I know that has been true here on this blog. With Duck being so little and so cute and changing so much, of course I want to spend a lot of my time capturing all these changes.
But my two oldest boys really deserve honorable mentions. Actually, forget that. They deserve the spotlight.
I worried a great deal about how our family would handle the addition of a baby. We had our routines, life was approaching the "easy" stage: no one was in diapers, everyone went to school, everyone could feed and dress themselves. We were in that coveted sweet spot.
With Bug, I did everything I could to prepare him for Monkey's birth. We had long conversations. I took him with me to every single doctor's appointment. And Bug did beautifully. We made the transition from a family of three to a family of four with barely a moment of regression.
I was sure it was going to be harder this time. After all, it had been six years. Six years of Monkey being the "baby." Six years of status quo (well, kind off - minus the whole getting new jobs, moving halfway across the country, Hubster going back to school thing. But other than that, status quo.)
When we first told the boys, I was nervous. But they both seemed very excited. Especially Bug. He was so excited. He remembered Monkey being born and everything associated with that, and seemed delighted to got through it all again. Monkey, not having any frame of reference, took a more moderate view. Bug always wanted to feel my belly and see if the baby was kicking. He talked to my belly. He was very eager to help with everything in the nursery, from painting to artwork. Monkey would reluctantly put a hand against me, only to pull it away and say, "Yep, I felt him kick," even if he hadn't. I worried that he wouldn't transition well.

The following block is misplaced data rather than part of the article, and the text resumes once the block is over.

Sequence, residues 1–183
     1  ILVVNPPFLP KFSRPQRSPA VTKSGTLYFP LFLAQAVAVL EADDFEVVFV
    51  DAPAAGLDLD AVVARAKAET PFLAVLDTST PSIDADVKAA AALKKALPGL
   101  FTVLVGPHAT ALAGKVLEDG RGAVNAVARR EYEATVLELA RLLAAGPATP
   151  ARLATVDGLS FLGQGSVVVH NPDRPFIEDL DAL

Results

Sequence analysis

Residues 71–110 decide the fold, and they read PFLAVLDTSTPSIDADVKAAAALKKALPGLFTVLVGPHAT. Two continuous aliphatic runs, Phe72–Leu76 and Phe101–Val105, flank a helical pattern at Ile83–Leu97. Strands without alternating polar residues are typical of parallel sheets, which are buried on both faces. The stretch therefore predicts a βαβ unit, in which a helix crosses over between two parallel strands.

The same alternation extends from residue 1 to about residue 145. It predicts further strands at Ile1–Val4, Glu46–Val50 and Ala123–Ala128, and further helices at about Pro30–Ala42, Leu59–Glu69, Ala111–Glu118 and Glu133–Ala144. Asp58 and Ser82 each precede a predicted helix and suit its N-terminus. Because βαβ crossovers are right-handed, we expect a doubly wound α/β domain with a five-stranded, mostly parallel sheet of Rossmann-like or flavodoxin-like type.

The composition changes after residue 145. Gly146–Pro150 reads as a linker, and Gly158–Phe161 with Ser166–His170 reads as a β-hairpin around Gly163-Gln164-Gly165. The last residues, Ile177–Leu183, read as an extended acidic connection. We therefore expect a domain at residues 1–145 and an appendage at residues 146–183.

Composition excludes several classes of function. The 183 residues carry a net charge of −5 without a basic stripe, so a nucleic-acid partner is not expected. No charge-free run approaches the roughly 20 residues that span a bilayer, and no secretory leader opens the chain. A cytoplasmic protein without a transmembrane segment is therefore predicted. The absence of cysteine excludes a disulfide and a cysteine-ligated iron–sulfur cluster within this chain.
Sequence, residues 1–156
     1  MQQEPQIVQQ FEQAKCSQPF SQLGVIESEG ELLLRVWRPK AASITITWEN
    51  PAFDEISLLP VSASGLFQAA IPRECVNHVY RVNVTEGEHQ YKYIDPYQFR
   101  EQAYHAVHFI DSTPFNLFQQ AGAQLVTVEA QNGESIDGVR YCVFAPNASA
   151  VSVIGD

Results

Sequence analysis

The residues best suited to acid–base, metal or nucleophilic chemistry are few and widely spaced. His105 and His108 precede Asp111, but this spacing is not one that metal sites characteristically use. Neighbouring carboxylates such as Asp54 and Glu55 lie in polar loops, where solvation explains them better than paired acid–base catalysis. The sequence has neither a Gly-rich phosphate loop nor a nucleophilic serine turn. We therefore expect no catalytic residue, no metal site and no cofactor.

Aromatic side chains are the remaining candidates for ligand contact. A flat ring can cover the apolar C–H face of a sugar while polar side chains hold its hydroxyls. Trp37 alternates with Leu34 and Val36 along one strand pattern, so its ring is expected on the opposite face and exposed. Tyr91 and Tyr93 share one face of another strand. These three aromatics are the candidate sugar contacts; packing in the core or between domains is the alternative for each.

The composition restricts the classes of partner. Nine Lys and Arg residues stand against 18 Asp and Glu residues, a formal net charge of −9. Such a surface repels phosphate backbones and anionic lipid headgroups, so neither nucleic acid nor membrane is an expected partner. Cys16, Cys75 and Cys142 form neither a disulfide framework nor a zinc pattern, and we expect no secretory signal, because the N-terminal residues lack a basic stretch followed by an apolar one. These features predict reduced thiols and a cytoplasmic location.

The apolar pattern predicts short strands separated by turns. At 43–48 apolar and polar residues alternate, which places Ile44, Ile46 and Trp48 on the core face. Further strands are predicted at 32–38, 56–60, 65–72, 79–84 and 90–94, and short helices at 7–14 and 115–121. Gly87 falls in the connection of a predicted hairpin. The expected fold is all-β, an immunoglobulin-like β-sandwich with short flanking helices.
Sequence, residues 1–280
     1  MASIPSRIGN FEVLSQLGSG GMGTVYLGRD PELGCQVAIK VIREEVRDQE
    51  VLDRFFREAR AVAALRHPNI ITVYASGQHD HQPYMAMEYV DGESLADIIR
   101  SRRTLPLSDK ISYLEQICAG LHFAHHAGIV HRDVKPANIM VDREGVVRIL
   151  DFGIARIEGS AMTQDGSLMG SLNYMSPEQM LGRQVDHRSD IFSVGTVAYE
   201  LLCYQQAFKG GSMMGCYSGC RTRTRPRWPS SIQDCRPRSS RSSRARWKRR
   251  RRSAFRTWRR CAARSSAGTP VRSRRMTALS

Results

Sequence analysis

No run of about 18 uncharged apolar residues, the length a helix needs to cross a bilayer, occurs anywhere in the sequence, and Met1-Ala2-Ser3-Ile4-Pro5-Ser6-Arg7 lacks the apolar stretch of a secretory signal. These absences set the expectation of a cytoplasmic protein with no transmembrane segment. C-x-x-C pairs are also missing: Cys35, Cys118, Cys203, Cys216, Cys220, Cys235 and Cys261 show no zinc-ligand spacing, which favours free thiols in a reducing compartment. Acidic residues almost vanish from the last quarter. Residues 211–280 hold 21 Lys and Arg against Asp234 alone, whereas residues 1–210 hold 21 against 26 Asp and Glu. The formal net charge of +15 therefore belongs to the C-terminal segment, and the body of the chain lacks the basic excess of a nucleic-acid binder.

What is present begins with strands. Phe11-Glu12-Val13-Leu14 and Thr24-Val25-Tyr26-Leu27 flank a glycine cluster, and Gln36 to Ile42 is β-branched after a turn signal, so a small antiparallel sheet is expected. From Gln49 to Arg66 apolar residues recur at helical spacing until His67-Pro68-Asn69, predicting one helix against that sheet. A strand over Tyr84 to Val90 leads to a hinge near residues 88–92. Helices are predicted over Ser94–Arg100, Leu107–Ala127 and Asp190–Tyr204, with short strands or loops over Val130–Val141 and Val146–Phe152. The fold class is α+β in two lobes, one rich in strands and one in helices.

A month before Duck was born, we went to parent teacher conferences for Bug and Monkey. Monkey's teacher told me that all he talked about was that he was going to get a new baby brother at Thanksgiving. "He's very excited," his teacher said. And that same week, after practicing thank you cards at school, Monkey brought me a card.
"Thank you for teaching me how to make a baby room. It was fun. Our baby will like it."
It brought me to tears.
And right from the get go, the boys have been amazing. All my worries about jealousy, and the resurgence of temper tantrums and bed wetting, all those worries have been for naught.
Monkey loves him. Every smile and every coo Duck does, Monkey runs through the house, updating everyone. He asked for pictures of Duck to take to school, and showed them to everyone - teachers, students, the lunch ladies. He had appointment himself retriever of the nursing pillow and blanket. Every time I sit down to nurse Duck, Monkey brings me the Bobby pillow, a blanket and a burp cloth.
Now that's a proud big brother
Bug has been equally amazing. He is always asking to hold Duck and can even soothe him while I'm making dinner. He continues to be incredibly helpful and calm and patient.
Carefulness, love, and protection, all at once
Every once and a while, I see Monkey getting a little worked up, demanding a little more attention. When I want to get frustrated, I have to remember that he just needs a little extra hug, a little more listening. Once, when Duck was having a rough evening and doing an extra bout of crying, Monkey did call out, "Mom, Duck's crying is making me feel frustrated!" I thanked him for using his words, and asked him what we had talked about, what he could do when he felt that way. He choose to stick his fingers in his ears and sing loudly.
I feel blessed to have made such a smooth transition. I couldn't have dreamed of any better way to go from two boys to three boys. This mother is so proud. Tired, sleep deprived, and still trying to figure out how to have enough hands at the grocery store. But proud.